The Agile Tribe

Putting the "N" back into INVEST

on August 2, 2009

Author: Andy Marks

Mike Cohn was the first person to popularise the INVEST principle for user stories. In short, he states that good stories should reflect the following six key elements:

  • Independent
  • Negotiable
  • Valuable
  • Estimatable
  • Small (or Sized Appropriately, depending on when you joined the conversation)
  • Testable

Most of these items are fairly easy to accept on face value, but Negotiable usually causes the most confusion. Here’s a nice (real) story that demonstrates the value of a negotiable story requirement…

A long time ago in a galaxy far, far away (all good stories start like this I believe) a developer was working on an online insurance quoting application. He came across a story something like:

“”I need to use a Captcha to prevent robots from reverse engineering the pricing algorithms”.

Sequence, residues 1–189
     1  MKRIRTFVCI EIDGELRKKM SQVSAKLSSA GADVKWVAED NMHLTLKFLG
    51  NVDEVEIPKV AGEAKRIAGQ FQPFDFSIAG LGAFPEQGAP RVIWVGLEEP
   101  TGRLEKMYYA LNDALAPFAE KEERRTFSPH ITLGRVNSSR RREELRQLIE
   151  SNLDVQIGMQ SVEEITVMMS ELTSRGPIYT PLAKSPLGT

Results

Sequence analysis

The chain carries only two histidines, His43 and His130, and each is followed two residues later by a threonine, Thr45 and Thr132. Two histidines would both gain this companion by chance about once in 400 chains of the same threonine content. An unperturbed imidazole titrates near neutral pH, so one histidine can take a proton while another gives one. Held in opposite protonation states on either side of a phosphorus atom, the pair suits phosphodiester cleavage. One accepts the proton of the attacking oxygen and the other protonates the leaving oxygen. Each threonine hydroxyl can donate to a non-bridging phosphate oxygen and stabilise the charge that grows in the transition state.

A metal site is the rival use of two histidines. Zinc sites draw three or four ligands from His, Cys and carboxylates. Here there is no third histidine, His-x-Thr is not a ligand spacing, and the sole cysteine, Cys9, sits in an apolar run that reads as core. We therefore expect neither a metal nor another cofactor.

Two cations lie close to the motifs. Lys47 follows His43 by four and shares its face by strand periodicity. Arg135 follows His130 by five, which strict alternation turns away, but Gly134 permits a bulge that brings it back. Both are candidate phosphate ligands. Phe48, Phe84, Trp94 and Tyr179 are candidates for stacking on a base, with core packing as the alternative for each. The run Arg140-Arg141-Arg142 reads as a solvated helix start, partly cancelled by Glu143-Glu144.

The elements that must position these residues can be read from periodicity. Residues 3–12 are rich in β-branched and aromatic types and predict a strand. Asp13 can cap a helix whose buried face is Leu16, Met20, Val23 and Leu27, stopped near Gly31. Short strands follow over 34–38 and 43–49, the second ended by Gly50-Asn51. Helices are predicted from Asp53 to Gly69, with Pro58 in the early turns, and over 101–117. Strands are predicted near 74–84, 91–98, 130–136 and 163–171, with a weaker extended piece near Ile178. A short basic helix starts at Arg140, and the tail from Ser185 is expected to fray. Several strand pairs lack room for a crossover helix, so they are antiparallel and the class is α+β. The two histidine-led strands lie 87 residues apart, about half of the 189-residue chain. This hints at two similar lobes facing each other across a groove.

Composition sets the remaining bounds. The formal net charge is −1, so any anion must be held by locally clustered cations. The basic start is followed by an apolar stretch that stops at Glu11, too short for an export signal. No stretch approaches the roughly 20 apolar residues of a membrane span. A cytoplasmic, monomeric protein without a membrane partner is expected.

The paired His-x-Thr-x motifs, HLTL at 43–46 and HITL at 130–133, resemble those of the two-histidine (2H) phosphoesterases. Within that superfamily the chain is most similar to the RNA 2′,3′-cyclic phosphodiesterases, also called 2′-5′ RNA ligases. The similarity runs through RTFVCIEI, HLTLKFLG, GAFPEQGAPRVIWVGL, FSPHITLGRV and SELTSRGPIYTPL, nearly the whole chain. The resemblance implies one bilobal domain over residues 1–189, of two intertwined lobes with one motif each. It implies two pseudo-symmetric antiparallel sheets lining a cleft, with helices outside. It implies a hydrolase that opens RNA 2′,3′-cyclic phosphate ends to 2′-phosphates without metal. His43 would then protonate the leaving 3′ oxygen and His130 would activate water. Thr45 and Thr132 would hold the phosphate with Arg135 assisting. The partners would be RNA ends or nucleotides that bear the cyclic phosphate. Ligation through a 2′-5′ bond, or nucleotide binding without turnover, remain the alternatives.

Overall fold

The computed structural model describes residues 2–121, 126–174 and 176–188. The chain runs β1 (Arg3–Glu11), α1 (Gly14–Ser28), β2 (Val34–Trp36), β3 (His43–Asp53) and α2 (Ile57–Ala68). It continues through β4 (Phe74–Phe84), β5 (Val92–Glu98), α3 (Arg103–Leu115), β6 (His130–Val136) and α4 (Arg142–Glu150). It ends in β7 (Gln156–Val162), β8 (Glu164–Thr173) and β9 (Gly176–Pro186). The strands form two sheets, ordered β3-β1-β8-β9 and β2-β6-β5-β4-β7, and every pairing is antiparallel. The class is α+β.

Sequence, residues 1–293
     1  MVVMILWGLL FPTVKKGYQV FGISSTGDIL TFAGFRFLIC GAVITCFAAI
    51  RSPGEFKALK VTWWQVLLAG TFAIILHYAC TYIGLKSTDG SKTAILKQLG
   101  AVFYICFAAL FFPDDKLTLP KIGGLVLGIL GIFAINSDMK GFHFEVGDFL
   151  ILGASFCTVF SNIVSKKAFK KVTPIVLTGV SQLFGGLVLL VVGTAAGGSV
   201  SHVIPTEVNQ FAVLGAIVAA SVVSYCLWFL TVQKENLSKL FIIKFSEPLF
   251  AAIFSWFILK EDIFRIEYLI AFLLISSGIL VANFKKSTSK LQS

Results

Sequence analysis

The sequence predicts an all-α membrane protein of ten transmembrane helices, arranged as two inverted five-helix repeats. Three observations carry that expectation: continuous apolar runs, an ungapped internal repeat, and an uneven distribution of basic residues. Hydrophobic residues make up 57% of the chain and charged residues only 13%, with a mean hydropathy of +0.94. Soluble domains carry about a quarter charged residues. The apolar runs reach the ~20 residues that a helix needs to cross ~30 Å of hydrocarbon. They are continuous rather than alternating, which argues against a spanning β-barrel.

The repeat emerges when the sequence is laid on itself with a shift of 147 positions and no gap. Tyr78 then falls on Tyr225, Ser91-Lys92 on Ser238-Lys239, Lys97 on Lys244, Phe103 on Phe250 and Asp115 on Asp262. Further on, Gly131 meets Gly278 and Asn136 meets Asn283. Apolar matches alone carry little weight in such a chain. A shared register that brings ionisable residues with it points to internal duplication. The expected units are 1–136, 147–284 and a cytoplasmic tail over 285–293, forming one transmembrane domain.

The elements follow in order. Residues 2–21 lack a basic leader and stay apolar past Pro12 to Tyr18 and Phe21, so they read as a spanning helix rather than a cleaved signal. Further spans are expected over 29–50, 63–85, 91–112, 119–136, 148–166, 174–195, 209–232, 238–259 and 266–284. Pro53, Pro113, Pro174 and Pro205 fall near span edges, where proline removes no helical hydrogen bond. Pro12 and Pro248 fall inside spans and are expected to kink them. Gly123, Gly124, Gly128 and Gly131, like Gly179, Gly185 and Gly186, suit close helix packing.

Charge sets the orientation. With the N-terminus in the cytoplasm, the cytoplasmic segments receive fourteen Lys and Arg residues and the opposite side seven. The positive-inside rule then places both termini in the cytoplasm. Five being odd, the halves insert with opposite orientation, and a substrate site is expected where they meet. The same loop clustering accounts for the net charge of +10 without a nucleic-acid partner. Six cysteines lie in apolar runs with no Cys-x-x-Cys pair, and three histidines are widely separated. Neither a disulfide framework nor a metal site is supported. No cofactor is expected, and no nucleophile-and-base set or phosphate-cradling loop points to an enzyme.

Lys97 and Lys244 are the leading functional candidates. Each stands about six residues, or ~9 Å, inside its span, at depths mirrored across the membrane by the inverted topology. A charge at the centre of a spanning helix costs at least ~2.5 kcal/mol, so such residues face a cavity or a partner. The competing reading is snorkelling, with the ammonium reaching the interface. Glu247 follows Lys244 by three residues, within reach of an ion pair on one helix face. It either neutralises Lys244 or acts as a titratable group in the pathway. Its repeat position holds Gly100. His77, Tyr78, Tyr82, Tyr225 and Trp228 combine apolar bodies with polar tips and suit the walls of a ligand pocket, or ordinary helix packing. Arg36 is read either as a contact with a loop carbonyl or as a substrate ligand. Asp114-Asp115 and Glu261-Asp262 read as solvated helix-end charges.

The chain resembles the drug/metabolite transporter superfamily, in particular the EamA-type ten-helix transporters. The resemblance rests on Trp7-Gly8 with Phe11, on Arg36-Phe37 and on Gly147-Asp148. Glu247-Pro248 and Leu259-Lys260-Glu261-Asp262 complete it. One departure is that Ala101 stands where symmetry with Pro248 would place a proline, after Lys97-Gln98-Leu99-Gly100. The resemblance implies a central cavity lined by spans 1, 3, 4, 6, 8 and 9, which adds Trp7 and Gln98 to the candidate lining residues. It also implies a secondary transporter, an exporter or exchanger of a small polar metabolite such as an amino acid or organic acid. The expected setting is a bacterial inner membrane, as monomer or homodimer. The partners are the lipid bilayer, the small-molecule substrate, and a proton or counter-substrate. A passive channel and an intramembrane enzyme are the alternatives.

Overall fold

There was a fear that automated tools could be used to repeatedly hit the quote generation page, varying each parameter a little at a time to determine the pricing model behind the system. They wanted to use a challenge-response Captcha to make sure only humans could submit the form to obtain a quote.

Sound reasonable?

The problem with this story is that it’s not negotiable – or not very negotiable. In fact, it’s half requirement (“I need to prevent robots from reverse engineering the pricing algorithm”) and half solution (“I need to use a Captcha”). The canny developer spotted this and abstracted back to the core requirement to make the story negotiable. And when he did this, he identified another solution which still addressed the core requirement: the reverse captcha! The negotiated solution required zero additional work for the human users of the system (unlike Captcha which most would agree are painful at best) and was implemented.

The problem with stories that aren’t negotiable is that they pre-emptively limit the solution space available to the story. When you abstract the solution from the core requirement to leave a negotiable story, it’s much easier to find other solutions, some of which may be simpler and/or quicker and/or cheaper and/or better than the original.

Good analysts will naturally create negotiable stories.

Good developers will push back on non-negotiable stories because of the above.


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